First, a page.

We talk to Loftur Thorarinsson, Volue’s general manager in Japan, about why Japan is one of the most exciting energy markets and why power market players in Japan need better data.
Mar 30, 2022
“If you look at power markets around the world, you won’t have to look hard to realise that at the moment Japan is where it’s all happening,” says Loftur Thorarinsson who joined Volue as General Manager for Japan in February.
“Japan is the largest energy market that has been liberalised in recent years. The market is changing quickly and with this comes volatility,” he adds.
Approximately 20 years ago, Japan started looking into what it should do to deregulate its power market. Japanese experts studied the liberalised markets in Europe and the US and performed case study analysis.
“The actual process of Japanese power market deregulation started some years ago and is still ongoing. What is exciting for us is that Japan is following the Nordic model and it is starting on a journey that is similar to ours. Japan has created a power market that looks a lot like what we had in the Nordics when deregulation started almost 30 years ago.”
Just like the Nordics in the past, Japan used to have state-owned electricity companies that were responsible for both generation and distribution. As a result of the unbundling, the Japanese electric power companies (EPCOs) are now split into generation, transmission and trading organisations.
“A key milestone for Japan was the liberalisation of retail consumer power markets in 2016. This is when the regulations on the wholesale of electricity were fully abolished. As a result, the number of power market players went from a handful of companies to approximately 600. The numbers may be different from the Nordics but the trajectory is the same.”
The liberalisation of the Japanese market has also led to the entry into the market of several European power players, many of whom are Volue’s long-term customers.
In Japan, the number of power market players went from a handful of companies to approximately 600.
Loftur Thorarinsson General Manager for Volue in Japan
In Japan, electricity is traded on the country’s power exchange JPEX and futures on JPX (Tocom) and EEX. Some of the traders are EPCO traders and at the other end of the spectrum, there are the traders who have no assets.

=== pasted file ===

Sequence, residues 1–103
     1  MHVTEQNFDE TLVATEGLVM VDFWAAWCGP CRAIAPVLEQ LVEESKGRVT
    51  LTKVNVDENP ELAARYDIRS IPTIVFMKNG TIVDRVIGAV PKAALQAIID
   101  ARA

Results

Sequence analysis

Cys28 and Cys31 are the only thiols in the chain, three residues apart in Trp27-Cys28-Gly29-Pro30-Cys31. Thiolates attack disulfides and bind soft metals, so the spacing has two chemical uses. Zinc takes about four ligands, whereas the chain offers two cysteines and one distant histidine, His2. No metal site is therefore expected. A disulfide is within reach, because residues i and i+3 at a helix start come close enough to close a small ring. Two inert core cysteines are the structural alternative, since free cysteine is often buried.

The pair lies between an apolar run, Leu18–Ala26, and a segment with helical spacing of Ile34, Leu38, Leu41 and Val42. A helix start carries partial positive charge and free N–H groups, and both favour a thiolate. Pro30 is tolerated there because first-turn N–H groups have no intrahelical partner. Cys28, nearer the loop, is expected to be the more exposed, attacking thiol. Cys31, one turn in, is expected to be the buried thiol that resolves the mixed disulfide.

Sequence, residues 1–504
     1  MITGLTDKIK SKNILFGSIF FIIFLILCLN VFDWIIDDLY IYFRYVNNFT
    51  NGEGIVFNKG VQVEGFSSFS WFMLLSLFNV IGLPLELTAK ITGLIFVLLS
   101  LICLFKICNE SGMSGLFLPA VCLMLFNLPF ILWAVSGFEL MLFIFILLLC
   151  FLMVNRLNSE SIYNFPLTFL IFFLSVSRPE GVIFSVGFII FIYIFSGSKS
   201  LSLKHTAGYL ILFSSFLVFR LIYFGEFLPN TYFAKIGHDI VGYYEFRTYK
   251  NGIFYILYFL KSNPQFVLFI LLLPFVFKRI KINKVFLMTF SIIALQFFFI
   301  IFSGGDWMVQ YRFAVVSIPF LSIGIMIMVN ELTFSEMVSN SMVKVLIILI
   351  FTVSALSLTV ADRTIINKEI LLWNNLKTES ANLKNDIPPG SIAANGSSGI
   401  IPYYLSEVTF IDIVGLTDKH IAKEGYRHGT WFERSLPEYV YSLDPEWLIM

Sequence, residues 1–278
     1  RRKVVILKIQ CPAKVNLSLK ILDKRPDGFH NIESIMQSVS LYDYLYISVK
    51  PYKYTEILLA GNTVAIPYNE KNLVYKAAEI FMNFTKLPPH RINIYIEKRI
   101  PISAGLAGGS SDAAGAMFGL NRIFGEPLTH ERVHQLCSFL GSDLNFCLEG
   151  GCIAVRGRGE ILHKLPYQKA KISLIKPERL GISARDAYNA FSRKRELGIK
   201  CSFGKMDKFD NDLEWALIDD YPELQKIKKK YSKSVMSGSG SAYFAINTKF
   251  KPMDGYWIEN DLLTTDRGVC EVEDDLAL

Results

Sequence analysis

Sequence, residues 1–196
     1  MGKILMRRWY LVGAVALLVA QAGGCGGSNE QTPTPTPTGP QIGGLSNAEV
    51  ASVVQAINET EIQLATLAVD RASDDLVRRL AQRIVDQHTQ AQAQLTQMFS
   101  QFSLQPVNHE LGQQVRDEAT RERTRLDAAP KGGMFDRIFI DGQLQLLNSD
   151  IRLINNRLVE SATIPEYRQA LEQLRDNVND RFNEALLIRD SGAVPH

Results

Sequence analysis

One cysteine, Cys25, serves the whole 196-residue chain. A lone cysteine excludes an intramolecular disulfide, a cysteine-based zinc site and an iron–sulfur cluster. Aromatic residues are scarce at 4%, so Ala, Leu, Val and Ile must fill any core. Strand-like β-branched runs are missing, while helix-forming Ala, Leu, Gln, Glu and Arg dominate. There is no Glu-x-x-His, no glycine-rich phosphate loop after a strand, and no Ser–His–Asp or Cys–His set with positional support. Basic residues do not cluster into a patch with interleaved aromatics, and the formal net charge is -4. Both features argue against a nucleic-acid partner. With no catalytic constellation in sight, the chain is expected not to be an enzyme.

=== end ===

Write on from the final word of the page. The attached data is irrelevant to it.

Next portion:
“The key challenge for all of them is to forecast the volatile market and to have a better understanding of the demand-supply balance. We know from experience how challenging this can be. But we also know that this is an opportunity.”
Over the past 10 years, Japan has steadily increased the share of renewables in its energy mix.
“Japan has now committed to decarbonisation and we will see even more renewables being added to its energy mix. This adds volatility to the power system as demonstrated in recent years.”
The intermittency of renewable power and increased price volatility in the short-term markets make access to real-time, reliable and accurate supply and demand forecasts crucial.
Volue analysts see a staggering 1 800 000 000 daily calls to the Volue API. Weather-driven fundamentals and market forecasts are in equally high demand.
“What we see is that in the first instance power market players in Japan need data. This is the reason we are going to market with our Insight platform.”
Insight by Volue is a leading data, forecasting and market analysis provider to the European energy market. The team forecasts fundamentals and energy prices for the short, medium and long-term horizons. Volue will enter Japan with fundamentals and real-time forecasts offering.
“Short-term, we will tell power producers in Japan what price they are likely to receive for their production as well as what the aggregate production is likely to be. Long-term, market players will get a good indication of what will happen all the way up to 2050. We have the full picture – from 15 minutes intraday forecasts to 30 years of investment analysis.”
Originally from Iceland, Loftur Thorarinsson has lived in Japan for more than 10 years. He has a background in renewable energy and is a fluent Japanese speaker.
“With ongoing deregulation, this is the right time for Volue to enter Japan,” says Loftur Thorarinsson.